On our third day in Northern Cyprus we headed to Famagusta Bay to see ancient Salamis, one of the biggest archaeological sites in Cyprus. Firstly, let’s talk history as due to its position it has taken a big hit from the political situation.
In the shadow of Salamis is Varosha, an abandoned tourist resort that was fenced off by Turkish military after they invaded. Varosha’s Greek Cypriot inhabitants fled with intent to return but that has never happened what with the fence and everything. The UN prohibited any occupation that is by anyone other than the original settlers so now it is caught in limbo.
The fenced-off beach
The few people that dare to venture over the fence describe the unfinished business left there with plants growing through it. There are kitchens with half-finished meals, a car dealership full of undriven cars, mannequins in outdated clothing never worn and the sea turtles that lay their eggs on the beach.
There was a sign stuck to the fence saying ‘I’ve left my soul inside – open up’. No doubt people are psychologically scarred from being forced out of their homes and parted from treasured memories. They didn’t take their photographs with them as they didn’t know it was goodbye. Just like the shoots in the concrete, ideas have germinated in those that pass by the fence every day. Now, some people want to build an eco-city near Famagusta, inspired by the nature that has taken over Varosha. No work has begun as yet.
Filmmaker Vasia Markides told the BBC in 2014: “To really take a place that is a symbol of war and neglect and hatred and abandonment, and turn it into a model that the rest of the world could use – to me it’s a success story even if we only bring awareness, a plan for other communities.”
We can but hope.
The ancient site of Salamis was founded in 1180 BC by Teukros and it is one of the biggest and best ruin sites in Cyprus which is why we were there. The temple columns and statues are very well preserved, though many of them have lost their heads to the swords of Christian zealots as they were seen to represent pagan worship.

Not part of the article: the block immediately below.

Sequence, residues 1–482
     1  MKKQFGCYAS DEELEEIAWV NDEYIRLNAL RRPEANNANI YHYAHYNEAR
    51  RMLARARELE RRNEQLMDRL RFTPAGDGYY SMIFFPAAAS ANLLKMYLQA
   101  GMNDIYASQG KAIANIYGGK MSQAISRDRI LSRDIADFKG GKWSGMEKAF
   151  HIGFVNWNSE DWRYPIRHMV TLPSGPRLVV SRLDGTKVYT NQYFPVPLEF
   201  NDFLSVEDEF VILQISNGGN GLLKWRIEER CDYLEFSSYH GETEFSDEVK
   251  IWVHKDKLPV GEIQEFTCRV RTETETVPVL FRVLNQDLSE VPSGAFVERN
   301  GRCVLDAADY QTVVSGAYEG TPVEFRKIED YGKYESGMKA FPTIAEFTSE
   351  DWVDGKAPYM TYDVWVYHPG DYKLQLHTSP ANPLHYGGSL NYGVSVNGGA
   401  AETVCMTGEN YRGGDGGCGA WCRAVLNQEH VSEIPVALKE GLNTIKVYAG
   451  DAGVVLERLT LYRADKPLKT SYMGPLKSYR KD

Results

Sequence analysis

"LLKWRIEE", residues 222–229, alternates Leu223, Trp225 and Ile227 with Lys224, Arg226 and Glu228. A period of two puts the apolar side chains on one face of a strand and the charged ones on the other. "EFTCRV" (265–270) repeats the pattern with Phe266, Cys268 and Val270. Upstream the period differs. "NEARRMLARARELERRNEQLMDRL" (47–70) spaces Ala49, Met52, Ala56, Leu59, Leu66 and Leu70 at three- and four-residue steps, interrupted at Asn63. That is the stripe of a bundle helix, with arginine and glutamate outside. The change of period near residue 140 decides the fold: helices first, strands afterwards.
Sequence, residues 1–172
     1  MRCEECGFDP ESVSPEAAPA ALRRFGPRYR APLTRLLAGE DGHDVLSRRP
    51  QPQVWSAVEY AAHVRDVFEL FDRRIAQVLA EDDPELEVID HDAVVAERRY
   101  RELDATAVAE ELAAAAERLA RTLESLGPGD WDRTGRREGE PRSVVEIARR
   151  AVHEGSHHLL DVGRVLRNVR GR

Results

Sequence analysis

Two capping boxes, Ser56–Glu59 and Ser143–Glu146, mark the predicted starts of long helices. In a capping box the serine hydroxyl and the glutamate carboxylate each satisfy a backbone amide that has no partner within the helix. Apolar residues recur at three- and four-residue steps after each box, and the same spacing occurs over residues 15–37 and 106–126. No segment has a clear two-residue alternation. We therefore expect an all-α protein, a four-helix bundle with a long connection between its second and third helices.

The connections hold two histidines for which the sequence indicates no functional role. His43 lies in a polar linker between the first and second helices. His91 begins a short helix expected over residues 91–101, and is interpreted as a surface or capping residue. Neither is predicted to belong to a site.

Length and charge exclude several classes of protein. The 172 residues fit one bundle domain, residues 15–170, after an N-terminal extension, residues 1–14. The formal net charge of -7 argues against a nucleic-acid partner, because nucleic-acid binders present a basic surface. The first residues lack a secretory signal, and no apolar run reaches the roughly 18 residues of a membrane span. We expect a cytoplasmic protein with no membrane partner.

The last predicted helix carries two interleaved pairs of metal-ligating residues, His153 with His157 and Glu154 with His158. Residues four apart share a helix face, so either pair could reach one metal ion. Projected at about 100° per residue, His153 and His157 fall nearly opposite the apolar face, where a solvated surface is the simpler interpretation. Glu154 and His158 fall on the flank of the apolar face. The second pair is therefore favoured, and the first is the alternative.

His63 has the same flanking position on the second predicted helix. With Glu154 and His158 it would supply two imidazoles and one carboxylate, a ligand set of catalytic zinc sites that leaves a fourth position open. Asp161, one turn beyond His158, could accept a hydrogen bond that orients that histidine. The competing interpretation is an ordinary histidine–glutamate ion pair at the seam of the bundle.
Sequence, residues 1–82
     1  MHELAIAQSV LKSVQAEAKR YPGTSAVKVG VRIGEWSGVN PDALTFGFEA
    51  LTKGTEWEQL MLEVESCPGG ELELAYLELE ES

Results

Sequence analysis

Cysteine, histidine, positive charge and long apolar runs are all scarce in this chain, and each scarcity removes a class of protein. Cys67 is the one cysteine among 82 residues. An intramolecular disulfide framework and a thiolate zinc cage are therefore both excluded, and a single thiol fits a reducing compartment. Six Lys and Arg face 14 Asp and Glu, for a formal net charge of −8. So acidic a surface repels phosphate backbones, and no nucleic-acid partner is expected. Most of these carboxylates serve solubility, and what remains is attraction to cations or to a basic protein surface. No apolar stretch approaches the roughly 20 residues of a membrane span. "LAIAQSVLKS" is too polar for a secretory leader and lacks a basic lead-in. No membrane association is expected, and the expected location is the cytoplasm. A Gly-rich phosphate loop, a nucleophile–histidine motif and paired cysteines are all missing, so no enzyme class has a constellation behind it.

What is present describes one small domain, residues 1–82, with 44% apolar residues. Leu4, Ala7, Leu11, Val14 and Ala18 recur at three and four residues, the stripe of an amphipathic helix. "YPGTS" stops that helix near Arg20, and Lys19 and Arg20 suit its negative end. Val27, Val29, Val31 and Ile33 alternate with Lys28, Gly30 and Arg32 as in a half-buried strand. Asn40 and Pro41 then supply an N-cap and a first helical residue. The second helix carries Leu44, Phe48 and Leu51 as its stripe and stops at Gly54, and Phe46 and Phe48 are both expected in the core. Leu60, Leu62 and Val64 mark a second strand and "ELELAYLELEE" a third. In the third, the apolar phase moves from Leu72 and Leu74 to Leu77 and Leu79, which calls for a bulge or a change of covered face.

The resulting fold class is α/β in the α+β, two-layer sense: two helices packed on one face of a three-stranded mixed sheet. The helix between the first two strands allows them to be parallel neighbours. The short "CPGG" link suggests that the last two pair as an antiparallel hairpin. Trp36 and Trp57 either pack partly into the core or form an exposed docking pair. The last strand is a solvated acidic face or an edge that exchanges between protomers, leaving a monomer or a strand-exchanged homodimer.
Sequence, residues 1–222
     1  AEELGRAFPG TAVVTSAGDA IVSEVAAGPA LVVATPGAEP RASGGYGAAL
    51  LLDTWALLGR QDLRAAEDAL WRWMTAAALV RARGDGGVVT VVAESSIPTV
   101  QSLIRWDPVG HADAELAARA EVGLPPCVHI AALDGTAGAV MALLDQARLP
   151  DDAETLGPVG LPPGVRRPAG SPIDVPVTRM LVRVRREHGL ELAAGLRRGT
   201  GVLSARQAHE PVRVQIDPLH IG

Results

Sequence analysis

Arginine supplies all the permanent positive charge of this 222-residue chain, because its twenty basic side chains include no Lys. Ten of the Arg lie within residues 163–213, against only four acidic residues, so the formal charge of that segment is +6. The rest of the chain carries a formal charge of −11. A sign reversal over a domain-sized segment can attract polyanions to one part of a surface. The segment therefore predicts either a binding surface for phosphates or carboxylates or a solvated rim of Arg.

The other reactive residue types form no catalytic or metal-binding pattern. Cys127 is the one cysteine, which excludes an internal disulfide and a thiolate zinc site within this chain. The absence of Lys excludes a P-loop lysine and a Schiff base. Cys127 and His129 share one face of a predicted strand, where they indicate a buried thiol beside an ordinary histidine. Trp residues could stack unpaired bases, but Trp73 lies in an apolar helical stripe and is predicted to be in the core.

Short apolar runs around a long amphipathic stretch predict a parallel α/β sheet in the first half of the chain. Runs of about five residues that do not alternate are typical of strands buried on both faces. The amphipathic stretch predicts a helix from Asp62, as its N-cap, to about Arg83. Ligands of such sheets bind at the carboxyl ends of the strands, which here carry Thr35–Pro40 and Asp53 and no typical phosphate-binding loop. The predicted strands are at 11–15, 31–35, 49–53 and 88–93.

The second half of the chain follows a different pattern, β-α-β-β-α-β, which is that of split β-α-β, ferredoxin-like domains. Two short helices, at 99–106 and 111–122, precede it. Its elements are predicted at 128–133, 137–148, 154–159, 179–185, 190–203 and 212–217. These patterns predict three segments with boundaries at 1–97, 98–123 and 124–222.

So much great heritage gets ruined by this ritualistic ‘beheading’ by different religions but as we have seen so many times, all aspects of humanity are violated by war in order to secure a victory. I remember the Burmese did the same to many Buddha statues in Thailand’s Ayutthaya.
It’s a big site and you can see the ruins of the gymnasium, baths, theatre, the Roman villa, two basilicas, the Temple of Zeus, a reservoir and the Roman Agora. The best thing I saw was a snake sunbathing on one of the ruins, it soon scarpered once it saw us so I didn’t get the chance to identify it. We were hungry after all this sweaty walking so we headed to the modern city of Famagusta as we were fama-ished.
We ate in Famagusta’s main square, the waitress was very friendly and asked us what we did for a living. We told that we both make films/television/adverts for a living and she said she would love to do the same. It’s a shame as there are fewer opportunities in the north, especially as my friend Efi does make films in the south. We wished her well and returned to our resort in Kyrenia.